Shakespeares Bones: The Horatio Code (the Confession of 1623) Dr. James S. Ferris

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Published: November 12th 2009

Kindle Edition

11 pages


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Shakespeares Bones: The Horatio Code (the Confession of 1623)  by  Dr. James S. Ferris

Shakespeares Bones: The Horatio Code (the Confession of 1623) by Dr. James S. Ferris
November 12th 2009 | Kindle Edition | PDF, EPUB, FB2, DjVu, audiobook, mp3, RTF | 11 pages | ISBN: | 5.23 Mb

I believe Edward de Vere,the 17th. Earl of Oxford, is the true author of the Shakespeare canon. For the past several years, I have been working with Equidistant Letter Sequencing (ELS), although in an entirely different body of work. While doingMoreI believe Edward de Vere,the 17th. Earl of Oxford, is the true author of the Shakespeare canon. For the past several years, I have been working with Equidistant Letter Sequencing (ELS), although in an entirely different body of work.

While doing research in cryptography (codes, ciphers, Steganography), I came across an article renewing my interest in Edward de Veres involvement in the trial of Mary, Queen of Scots, the Babington Plot and the infamous cipher successfuly manipulated by Sir Francis Walsingham, implicating Mary, resulting in her beheading.Edward de Vere (1550-1604) and Christopher Marlowe (1564-1593) at one time were in the employ of the spymaster Walsingham (arguably the most powerful man in England). My search continued until I began to read more about Ben Jonson, a contemporary of Edward de Vere, and was considered, next to Shakespeare, the greatest playwright and poet of the time.Ben Jonson was a friend of Sir Francis Bacon, renowned for his cryptographical expertise.The question then became: Was Jonson skilled with codes and ciphers?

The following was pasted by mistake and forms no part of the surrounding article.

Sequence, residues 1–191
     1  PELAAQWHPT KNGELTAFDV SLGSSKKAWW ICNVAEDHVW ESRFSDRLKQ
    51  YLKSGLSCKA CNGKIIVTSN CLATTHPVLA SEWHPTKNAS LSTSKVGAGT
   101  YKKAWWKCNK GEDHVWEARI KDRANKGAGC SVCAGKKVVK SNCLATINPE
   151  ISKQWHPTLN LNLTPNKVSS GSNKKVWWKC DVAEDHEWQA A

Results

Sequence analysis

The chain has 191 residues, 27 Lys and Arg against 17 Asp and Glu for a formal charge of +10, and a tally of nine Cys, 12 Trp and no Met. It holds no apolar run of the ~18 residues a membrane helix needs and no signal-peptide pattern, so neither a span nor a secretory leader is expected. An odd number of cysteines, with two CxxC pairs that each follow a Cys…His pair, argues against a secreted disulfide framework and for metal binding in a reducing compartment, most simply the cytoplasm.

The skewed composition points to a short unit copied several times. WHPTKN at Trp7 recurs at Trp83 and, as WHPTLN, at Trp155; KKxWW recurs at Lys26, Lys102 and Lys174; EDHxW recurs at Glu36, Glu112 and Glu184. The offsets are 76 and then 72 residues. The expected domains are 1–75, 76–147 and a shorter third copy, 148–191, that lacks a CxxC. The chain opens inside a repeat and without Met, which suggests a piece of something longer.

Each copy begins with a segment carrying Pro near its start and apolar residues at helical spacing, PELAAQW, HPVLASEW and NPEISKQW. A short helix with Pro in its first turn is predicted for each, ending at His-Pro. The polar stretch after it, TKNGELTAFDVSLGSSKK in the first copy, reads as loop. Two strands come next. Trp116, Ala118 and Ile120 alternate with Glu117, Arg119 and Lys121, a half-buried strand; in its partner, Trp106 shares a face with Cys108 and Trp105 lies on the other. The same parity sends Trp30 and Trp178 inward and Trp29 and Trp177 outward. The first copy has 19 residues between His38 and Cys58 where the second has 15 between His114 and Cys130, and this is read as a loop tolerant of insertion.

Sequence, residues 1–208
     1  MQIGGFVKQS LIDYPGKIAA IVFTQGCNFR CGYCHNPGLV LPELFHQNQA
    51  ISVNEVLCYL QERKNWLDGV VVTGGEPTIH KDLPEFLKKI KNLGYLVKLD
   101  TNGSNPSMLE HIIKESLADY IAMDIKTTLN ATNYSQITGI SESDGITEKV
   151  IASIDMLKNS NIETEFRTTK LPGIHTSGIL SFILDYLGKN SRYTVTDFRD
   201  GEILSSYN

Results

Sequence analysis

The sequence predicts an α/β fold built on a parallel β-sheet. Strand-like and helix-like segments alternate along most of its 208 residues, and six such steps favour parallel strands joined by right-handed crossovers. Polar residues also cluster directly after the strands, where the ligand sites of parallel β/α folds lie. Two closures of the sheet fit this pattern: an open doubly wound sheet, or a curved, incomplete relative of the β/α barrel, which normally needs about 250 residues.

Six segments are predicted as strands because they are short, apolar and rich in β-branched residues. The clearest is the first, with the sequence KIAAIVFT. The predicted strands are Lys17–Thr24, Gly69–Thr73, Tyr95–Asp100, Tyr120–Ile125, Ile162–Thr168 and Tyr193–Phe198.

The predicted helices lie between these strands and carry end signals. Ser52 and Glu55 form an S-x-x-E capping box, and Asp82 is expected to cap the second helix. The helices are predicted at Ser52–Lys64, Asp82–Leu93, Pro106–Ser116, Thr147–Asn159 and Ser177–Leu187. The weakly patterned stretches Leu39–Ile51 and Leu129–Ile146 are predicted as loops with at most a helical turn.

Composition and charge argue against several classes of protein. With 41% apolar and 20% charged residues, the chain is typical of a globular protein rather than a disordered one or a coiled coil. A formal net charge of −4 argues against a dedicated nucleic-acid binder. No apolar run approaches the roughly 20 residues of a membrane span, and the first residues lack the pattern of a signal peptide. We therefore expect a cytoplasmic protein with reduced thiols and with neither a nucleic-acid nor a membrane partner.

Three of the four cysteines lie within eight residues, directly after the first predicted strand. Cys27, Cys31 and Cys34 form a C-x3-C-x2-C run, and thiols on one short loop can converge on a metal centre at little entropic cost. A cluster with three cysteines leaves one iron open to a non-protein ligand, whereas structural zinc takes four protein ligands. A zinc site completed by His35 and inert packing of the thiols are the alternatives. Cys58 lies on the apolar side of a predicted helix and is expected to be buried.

And, if so, where, how, and what might he have encrypted?This book is one result of my search. The journey has yielded many discoveries, and has been extraordinarily productive and personally rewarding.I have made a discovery that has remained hidden and buried in plain sight for over 385 years. The present work is a mathematical proof that strongly suggests that Edward de Vere, the 17th. Earl of Oxford, wrote under the pseudonym of William Shakespeare. Why a pseudonym?

Why the use of codes and ciphers to disguise his identity? Did Edward de Vere really die in 1604 as Elizabethan documentation states? Who were the major players in one of the greatest mysteries in all of literature? Is what I call the Horatio Code a staggering coincidence? Or is the code the most elegantly designed encryption ever written?

And who designed the Horatio Code? And Why?These are some of the questions raised and answered in the book.Note: This work is designed to be published in serialized form, chapter by chapter. Each installment anticipates the content of the next chapter to allow you to decide how to proceed. You, the Reader, decide whether or not you wish to continue purchasing each installment, to purchase only those in the series of most interest to you, or not to read further if you so choose. It is hoped that each installment in the series will be published in two-to-three-week intervals.



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